What’s more important: knowing all the answers or asking the right questions?
We live in a world where the value of questions is often underrated. As school children we are rewarded for knowing the right answers, not for asking the right questions. At a job interview, most people will worry about saying all the right things in response to what the interviewer asks. How many will dare to ask questions of their own?
And yet, the quality of the questions you ask, along with the degree of curiosity and interest you show, can say more about you than your best answer.
Don’t be misled by the old saying – “There are no stupid questions, only stupid people.” Like most pieces of popular wisdom, it is both true and false. Stupid questions are the ones you ask before reading the background material or without thinking first. And yes, it happens to the best of us.
We writers have to ask questions – it’s part of the job. We bubble with curiosity in meetings and during interviews, by email and whenever we talk to you. Clients, experts, colleagues – you are a vital source of the information we need to write that story, structure that presentation or focus the customer’s message.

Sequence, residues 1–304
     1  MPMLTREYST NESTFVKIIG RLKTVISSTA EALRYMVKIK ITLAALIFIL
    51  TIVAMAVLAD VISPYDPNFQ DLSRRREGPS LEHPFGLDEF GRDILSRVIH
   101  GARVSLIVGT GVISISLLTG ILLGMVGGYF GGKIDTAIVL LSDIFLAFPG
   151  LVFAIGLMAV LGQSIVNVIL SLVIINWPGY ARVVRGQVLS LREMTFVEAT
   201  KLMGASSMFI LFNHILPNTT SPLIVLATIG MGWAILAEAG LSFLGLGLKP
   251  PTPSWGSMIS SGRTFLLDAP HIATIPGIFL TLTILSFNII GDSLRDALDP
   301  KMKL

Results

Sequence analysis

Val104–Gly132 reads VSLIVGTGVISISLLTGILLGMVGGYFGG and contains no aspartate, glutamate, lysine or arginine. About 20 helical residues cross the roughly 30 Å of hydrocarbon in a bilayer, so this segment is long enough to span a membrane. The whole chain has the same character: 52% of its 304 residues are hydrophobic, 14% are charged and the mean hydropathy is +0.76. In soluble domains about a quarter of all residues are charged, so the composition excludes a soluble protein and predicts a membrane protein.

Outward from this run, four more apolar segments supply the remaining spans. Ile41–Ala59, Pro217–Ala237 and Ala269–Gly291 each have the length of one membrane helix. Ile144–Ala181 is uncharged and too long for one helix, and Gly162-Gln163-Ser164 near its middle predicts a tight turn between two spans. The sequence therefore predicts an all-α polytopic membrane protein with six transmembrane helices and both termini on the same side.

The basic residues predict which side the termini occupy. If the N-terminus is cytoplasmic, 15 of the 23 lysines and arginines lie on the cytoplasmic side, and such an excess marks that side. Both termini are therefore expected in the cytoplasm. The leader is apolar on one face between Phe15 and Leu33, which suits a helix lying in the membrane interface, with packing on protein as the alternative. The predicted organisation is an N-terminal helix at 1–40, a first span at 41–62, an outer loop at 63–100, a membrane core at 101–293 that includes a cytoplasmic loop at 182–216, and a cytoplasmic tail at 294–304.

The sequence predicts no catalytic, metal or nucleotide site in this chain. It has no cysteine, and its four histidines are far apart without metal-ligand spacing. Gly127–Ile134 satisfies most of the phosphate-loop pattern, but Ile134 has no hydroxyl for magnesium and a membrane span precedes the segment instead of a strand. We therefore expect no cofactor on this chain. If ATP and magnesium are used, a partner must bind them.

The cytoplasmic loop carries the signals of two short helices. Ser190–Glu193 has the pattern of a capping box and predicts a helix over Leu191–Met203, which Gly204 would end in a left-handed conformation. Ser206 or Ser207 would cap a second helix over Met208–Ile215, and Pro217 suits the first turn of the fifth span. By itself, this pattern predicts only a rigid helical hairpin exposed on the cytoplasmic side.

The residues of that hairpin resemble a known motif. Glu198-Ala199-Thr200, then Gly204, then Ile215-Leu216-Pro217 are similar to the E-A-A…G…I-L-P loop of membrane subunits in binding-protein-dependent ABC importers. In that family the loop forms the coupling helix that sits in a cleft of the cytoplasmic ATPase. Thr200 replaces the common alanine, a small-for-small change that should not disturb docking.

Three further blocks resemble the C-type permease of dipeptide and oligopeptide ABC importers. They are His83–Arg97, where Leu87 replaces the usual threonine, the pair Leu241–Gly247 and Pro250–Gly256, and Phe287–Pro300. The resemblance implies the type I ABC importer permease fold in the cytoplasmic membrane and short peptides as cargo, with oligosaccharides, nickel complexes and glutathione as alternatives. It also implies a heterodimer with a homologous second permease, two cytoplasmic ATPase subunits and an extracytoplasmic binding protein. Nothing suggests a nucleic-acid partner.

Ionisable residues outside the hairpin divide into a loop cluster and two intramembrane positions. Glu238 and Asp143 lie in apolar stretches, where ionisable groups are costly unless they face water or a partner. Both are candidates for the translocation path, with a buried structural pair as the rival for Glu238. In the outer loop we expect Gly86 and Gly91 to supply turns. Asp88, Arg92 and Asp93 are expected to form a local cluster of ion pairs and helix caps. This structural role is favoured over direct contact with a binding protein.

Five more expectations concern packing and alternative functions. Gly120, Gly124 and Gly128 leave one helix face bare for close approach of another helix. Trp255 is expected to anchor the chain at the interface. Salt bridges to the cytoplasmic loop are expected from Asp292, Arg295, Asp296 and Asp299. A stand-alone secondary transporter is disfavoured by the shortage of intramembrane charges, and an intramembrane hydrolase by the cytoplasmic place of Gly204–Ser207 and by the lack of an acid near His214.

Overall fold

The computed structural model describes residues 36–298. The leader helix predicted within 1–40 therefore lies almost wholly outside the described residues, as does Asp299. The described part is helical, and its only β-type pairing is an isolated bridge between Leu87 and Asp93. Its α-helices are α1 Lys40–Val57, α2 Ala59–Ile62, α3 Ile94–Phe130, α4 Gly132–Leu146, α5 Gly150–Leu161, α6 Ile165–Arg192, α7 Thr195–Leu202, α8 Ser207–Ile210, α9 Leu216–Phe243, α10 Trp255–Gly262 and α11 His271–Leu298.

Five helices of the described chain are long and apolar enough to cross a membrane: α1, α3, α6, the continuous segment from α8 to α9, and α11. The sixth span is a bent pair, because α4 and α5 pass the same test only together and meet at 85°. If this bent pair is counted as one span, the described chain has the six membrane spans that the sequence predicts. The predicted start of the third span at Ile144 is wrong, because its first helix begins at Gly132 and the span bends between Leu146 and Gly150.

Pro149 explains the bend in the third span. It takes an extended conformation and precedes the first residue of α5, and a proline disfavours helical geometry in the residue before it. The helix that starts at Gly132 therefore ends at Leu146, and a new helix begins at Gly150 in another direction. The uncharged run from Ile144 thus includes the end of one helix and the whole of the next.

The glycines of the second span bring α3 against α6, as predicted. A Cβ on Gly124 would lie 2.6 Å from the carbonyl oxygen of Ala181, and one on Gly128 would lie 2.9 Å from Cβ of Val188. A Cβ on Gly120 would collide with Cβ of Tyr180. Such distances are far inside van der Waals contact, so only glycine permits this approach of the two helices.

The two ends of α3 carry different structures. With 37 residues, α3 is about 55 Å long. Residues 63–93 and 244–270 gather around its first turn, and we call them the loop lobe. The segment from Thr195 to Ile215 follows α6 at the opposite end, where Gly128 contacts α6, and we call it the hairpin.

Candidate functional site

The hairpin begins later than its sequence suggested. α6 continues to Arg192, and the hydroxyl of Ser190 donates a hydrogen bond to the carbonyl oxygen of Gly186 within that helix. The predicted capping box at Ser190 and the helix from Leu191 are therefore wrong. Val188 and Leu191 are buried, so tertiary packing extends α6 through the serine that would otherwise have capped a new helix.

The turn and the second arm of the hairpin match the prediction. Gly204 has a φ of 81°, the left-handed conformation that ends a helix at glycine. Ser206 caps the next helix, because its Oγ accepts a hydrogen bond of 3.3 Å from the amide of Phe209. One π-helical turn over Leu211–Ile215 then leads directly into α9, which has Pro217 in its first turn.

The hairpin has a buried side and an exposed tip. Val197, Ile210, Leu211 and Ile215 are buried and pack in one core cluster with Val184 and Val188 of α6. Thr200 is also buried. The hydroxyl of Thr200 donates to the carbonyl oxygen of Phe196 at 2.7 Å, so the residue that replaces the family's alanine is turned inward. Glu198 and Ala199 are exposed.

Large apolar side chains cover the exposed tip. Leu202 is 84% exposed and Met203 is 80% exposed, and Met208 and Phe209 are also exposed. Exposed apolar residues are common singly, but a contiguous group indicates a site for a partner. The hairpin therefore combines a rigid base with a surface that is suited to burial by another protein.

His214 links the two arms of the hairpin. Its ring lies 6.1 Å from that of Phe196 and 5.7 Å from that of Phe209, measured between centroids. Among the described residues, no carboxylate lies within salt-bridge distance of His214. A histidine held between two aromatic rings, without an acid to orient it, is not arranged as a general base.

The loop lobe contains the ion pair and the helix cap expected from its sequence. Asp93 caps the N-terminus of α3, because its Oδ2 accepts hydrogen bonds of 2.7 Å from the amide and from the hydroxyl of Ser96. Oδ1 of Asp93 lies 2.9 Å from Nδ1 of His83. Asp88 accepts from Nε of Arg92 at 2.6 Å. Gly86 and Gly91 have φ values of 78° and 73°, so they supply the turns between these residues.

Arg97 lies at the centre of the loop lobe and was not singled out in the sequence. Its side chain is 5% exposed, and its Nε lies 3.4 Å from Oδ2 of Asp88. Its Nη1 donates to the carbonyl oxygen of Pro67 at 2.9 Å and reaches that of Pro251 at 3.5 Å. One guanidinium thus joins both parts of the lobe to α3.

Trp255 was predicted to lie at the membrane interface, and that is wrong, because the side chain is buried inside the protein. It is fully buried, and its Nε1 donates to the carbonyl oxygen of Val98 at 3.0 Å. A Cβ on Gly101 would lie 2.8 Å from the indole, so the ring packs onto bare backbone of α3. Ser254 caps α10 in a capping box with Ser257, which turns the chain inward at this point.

You may feel we have an annoying tendency to always want to know more. Not just what you want to do but why you want to do it. Who you are speaking to and what you want them to remember. Rest assured: it is not for naught. The investment you make in providing thoughtful answers in your brief will pay dividends in the quality of the resulting work.
Writers spend most of their time thinking about what the reader wants to know. Some of my recurring questions:
• Who are you talking to?
• What is the message you want to convey?
• Why should they care?
And finally, here is the most important question of all, the one I try to ask my clients at every opportunity:
“What can I do for you?”
If you have the answer to that question, or would like to discuss it further, I’m all ears!
Shoot me an email at: firstname.lastname@example.org
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